MR. LAWSON (St. Pancras, W.)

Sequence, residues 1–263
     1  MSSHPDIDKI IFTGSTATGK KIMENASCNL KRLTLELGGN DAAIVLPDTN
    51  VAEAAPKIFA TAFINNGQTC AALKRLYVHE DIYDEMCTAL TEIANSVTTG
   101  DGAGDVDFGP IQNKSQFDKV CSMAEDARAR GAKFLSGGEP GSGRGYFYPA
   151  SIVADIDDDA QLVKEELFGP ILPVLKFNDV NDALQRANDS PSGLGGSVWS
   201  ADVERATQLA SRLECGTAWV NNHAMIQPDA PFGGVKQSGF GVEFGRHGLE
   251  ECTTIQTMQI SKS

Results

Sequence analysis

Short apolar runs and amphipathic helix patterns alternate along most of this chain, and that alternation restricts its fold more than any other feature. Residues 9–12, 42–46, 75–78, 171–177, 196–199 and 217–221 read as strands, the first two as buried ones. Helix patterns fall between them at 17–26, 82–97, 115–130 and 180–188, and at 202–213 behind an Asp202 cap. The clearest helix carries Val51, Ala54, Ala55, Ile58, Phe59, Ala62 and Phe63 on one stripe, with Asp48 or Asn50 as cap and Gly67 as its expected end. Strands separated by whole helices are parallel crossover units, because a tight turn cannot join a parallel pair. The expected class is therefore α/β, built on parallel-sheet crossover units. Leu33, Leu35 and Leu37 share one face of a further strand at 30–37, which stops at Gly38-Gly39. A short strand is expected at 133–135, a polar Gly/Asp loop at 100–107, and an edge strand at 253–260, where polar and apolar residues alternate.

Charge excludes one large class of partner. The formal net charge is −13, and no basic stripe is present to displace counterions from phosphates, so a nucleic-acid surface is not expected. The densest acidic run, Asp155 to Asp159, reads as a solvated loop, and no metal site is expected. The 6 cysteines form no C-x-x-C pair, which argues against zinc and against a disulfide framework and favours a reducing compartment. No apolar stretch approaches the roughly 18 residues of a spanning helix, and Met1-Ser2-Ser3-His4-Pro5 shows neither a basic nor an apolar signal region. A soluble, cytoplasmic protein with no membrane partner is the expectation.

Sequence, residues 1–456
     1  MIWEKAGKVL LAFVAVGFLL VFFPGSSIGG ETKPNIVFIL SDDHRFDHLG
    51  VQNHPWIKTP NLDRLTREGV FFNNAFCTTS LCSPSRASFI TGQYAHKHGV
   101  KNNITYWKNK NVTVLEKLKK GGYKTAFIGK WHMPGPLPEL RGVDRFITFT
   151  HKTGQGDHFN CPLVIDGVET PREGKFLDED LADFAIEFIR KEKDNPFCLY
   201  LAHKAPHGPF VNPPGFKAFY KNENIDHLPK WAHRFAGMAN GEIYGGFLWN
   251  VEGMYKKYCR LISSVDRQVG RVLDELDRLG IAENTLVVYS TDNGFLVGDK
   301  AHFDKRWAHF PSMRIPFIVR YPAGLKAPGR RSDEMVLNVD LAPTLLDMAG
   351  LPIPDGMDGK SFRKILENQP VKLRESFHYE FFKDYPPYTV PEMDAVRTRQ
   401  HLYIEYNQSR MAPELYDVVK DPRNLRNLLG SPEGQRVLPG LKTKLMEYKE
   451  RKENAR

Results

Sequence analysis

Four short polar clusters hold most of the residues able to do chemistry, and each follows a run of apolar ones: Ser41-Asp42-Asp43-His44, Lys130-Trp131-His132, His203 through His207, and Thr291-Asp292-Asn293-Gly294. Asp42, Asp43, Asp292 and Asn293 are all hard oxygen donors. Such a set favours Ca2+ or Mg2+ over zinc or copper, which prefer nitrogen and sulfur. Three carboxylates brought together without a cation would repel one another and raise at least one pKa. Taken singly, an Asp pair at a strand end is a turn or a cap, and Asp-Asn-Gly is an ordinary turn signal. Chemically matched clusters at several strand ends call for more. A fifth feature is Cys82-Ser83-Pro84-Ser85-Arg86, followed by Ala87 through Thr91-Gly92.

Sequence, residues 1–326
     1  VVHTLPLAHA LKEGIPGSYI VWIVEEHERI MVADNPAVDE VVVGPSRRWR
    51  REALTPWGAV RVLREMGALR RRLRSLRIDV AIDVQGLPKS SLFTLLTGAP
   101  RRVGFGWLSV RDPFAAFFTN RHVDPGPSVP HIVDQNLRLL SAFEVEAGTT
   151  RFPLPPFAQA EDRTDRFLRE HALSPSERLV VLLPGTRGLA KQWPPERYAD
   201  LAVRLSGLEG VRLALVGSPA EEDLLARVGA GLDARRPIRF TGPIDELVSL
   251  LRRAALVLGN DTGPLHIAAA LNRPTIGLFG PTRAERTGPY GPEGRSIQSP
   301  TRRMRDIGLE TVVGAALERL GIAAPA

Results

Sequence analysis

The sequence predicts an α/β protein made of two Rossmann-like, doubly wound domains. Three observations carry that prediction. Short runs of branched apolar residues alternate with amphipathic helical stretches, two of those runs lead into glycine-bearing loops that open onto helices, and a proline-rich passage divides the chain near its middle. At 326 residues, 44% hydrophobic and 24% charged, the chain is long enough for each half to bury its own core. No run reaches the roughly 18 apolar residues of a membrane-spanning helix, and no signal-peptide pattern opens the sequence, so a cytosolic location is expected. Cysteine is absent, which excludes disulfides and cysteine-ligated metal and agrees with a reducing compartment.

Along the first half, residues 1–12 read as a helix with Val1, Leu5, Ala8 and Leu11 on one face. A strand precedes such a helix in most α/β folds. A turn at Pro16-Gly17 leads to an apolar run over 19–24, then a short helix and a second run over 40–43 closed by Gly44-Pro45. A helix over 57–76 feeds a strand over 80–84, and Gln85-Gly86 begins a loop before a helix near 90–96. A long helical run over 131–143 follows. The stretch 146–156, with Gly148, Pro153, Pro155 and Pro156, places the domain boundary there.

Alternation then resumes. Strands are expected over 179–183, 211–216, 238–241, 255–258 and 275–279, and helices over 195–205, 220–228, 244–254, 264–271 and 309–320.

in rising to second the Motion, said, he hoped the Government would meet the hon. Member for Northampton (Mr. Bradlaugh) half-way. Rumour went that this matter was to be dealt with in the Bill of the right hon. Gentleman the President of the Local Government Board (Mr. Ritchie) which he had in the pigeon-holes of his Office; but he had not the information which would enable him to deal properly with the question. The House had not intuitive knowledge of the question, which was far too big to be included in one or two clauses of the Bill which the right hon. Gentleman had in view. He was desirous of pointing out to the House that under Acts of Edward I. and Henry VI. there were obligations imposed upon owners of markets which they would not like to see revived to day—these having reference to the taking of outrageous and unreasonable tolls—and that lords of the manor were obliged, as stated in Comyn's Digest, to "witness the sale," which was not a duty they discharged nowadays. The rights granted in olden times were only given in respect of duties performed, and it was perfectly competent for the House to fix their conditions and limitations. He would call the attention of hon. Members to the Report of a Committee which gave valuable information as to the Returns of tolls and customs taken in seaports and markets in Ireland in 1826. That Committee reported that there were many exorbitant and unreasonable charges, which restricted the sale and distribution of commodities, and had a tendency to affect commerce and industry. The Committee recommended that the Court of King's Bench should have the right to determine whether the charges were legal or not, and that those who had rights of this kind should deliver the schedule to the Clerk of the Peace. No legislation succeeded; but in the year 1830 another Committee was appointed, which did not present a Report. There had been no mention of Metropolitan markets; and as a Metropolitan Member he felt very keenly on the subject, because there was no city or town in the Kingdom where there existed a grievance of such magnitude in regard to markets as there was in London. The hon. Member for Northampton had not asked for such a Return. He was generally tender to the privileges of the City of London, and perhaps he did not care to move for a Return by the only method—that of an Address to the Crown. If the Government did not see its way to grant a Commission, he (Mr. Lawson) should ask for a Return of the markets and market rights in the Metropolis in terms similar to those which his hon. Friend had adopted with regard to the municipal boroughs of the country. He complained that in the Return which had been presented to the House only in a few cases had owners given that information which they were required to do. That was not the case in small places only. In Sheffield, for instance, the Duke of Norfolk declined to state by what authority he levied his dues, the gross amount received, and the accommodation he gave for the terms received. But seldom in the case of these municipal boroughs, and hardly ever in the local government districts and rural sanitary districts, was it that the private owners had provided any sort of accommodation for trade in return for the dues they received. They seemed to think they had done their duty in taking their money, and they did not return one penny in the form of capital expenditure. Corporations were almost as bad in some cases. A particular case was that of Walsall, where not only did the Corporation not provide any accommodation, but farmed out the rights to an individual. In the Return presented to Parliament there were very few admissions that markets were held in the open street, for when a thoroughfare bulged a little from the parallel lines it was claimed as a market "place." He alluded to the open street markets in London, over which no one claimed any rights to levy tolls—Hampstead Road, Leather Lane, and the New Cut—and stated there was nothing like uniformity or equality in the levying of tolls throughout the country. It was chaos and confusion from beginning to end. Bath, which had a population of 53,700, had a revenue of £1,051; Exeter, with a population of 47,184, a revenue of £2,518; Cambridge, with a population of 47,150, a revenue of £965, with £522 more from the Corn Exchange; and Swansea, with a population of 50,000, a revenue of £4,000. Three of these towns were in agricultural districts, and the tax upon the people must be a sore incubus on the trade of the localities, and a heavy drag on the resources of the inhabitants. He would ask hon. Members to look into the nature of the powers enjoyed by the City under their charter. Outside the City there were only three markets to which any importance could be attached—Spitalfields, Covent Garden, and the Borough—and, as showing the revenues reaped by the City from their markets, he mentioned that the City Chamberlain's accounts in 1881 put down the gross receipts from the City markets as £150,000. In reference to them, there was the Report of the Commission of 1854, recommending that the charter of the City giving power over these markets should be revoked. He strongly urged the creation of new markets for greater London, on which demand there had been much cry from the platform and much talk in the Press. He maintained that the City Corporation had done everything in its power to obstruct the establishment of markets outside its own boundaries, and that it was impossible to say how much the action of the City Corporation had enhanced the price of food, limited its supply, and in some cases deteriorated its quality. In other capitals markets were in central places where food could be easily distributed to teeming populations, and. why should London wait? He believed if a Royal Commission were appointed it would give greater facilities to the trade of the country, and increase the real means of living to the great masses of the people. In the Metropolitan Board of Works Money Bill of 1881 power was given to the Board to inquire into this matter, and to present Bills; but he believed the Board had never taken any advantage of the powers conferred upon them. He considered that the public representative authority should acquire and retain the rights which at present vested in private individuals under definite conditions for the public welfare. He referred to the virtual blocking up of a fine thoroughfare at Spitalfields in consequence of market rights claimed. The whole question showed how the rights of private and public persons came into collision, and furnished one more argument in proof of the necessity for appointing a Commission. Public markets should be the markets of the public.